Facebook conducted research with British consultant company Sparkler last year that revealed some staggering numbers for travel professionals — numbers that prove its place within the digital advertising marketplace.
“Ninety-nine percent (of the Facebook users who engage in travel on the site, which is nearly half of all users) share something on Facebook when they get back from a vacation,” Hawkins said. “Thirty-two percent do it before they even get home from the airport. That sparks the next set of dreamers to think about a vacation.”
Facebook has ambitious plans to connect the two-thirds of the world that has no net access, using drones, satellites and lasers.
The move was announced on the social media platform by founder Mark Zuckerberg.
It will put it in direct competition with Google, which is planning to deliver net access via balloons.
Both of the net giants want to extend their audiences, especially in the developing world.
Details about Facebook’s plan were scant but it will include a fleet of solar-powered drones as well as low-earth orbit and geosynchronous satellites. Invisible, infrared laser beams could also be used to boost the speed of the net connections.
Last year Facebook and other technology companies launched internet.org to help bring net access to the huge swathes of the globe that are still not connected.
The social network has already teamed up with telecoms operators in the Philippines and Paraguay to double the number of people using the internet in that region.
“We’re going to continue building these partnerships, but connecting the whole world will require inventing new technology too,” Mr Zuckerberg said in his post.
To bring the project to fruition, Facebook has set up a Connectivity Lab that will include experts in aerospace and communication technology, from Nasa’s jet propulsion lab and its Ames research centre.
It has also hired a five-member team that worked at British firm Ascenta, whose founders developed the Zephyr, which holds the record for the longest-flying solar-powered unmanned aircraft.
Earlier this month there were rumours that the social network was interested in buying drone-maker Titan but there was no mention of this in the announcement.
The plans form part of Facebook’s ambitions to extend its reach beyond its 1.2 billion audience, thinks Ovum analyst Mark Little.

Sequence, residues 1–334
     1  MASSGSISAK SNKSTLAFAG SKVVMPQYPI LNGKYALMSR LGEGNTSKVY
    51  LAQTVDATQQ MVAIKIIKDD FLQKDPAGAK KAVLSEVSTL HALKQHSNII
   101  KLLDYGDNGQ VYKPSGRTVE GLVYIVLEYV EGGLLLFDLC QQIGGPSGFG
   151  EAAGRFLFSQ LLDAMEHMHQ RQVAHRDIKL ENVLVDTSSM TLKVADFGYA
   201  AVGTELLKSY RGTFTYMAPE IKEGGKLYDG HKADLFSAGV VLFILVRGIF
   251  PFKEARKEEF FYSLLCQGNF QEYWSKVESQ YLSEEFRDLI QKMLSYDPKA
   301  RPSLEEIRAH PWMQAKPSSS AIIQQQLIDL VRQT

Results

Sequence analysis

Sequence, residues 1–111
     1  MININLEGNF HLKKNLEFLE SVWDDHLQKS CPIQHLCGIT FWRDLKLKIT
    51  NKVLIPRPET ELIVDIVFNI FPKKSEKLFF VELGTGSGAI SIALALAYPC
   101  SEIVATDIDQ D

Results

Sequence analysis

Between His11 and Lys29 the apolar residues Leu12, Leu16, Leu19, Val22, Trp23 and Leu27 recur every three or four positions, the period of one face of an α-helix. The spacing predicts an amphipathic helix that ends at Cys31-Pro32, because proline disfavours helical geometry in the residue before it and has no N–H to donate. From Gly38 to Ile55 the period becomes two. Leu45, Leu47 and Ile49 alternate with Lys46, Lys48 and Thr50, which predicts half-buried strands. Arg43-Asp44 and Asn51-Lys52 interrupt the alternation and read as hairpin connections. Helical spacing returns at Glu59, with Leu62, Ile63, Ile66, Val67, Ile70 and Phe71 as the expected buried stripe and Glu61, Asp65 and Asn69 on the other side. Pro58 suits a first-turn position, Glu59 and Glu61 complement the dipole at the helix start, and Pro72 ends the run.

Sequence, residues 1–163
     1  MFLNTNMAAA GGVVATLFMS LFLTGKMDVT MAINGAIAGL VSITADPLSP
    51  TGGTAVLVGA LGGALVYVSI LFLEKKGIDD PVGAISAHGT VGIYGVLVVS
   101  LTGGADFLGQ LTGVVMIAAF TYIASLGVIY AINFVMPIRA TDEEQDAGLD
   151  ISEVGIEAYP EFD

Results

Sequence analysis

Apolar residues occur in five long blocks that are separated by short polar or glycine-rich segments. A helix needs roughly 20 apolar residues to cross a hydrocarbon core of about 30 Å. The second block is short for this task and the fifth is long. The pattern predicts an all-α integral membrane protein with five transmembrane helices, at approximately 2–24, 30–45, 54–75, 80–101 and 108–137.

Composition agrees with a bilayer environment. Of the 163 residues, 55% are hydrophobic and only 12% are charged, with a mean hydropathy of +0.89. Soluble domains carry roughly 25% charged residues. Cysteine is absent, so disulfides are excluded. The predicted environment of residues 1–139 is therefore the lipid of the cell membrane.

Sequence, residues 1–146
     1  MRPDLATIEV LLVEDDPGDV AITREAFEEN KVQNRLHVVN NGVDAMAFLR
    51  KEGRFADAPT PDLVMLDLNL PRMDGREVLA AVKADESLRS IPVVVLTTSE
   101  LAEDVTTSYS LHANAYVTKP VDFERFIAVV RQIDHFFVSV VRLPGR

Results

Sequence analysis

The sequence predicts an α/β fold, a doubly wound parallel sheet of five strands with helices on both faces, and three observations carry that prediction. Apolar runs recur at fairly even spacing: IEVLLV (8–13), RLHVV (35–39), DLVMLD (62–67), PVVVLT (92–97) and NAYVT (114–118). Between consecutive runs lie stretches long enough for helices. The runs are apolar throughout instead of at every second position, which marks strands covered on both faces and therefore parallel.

“Zuckerberg is pushing this as an altruistic way of connecting more people in the world – the net as a basic human right – but by increasing the total of net connections it also increases Facebook’s members and the amount of sharing done, which in turn creates more space for advertising and drives its revenues in a massive way.”
Last year Google announced similar plans to develop solar-powered balloons to deliver net access to remote areas of the world.
Code-named Project Loon, 30 of the super-pressure balloons were launched in New Zealand in June.
“It is perhaps aptly named,” said Mr Little.
“It is going to have a lot of political hoops to jump through. Some governments won’t put up with having that fleet over their airspace.”
Mr Little thinks that for both Facebook and Google, the technology in their projects may prove to be “the easy bit” and that the real challenge will lie in persuading governments around the world that its alternative networks are viable.
By Jennifer Pemberton
Three months into 2014 and we’re past making predictions of what the year in social media will look like. We’re living it. The ATTA is focusing on four major trends this month that will shape online life this year — highlighting the ones that will be most relevant for the travel industry, from how to find travelers on social media and speak their language to how to organize your office to best engage socially with your customers.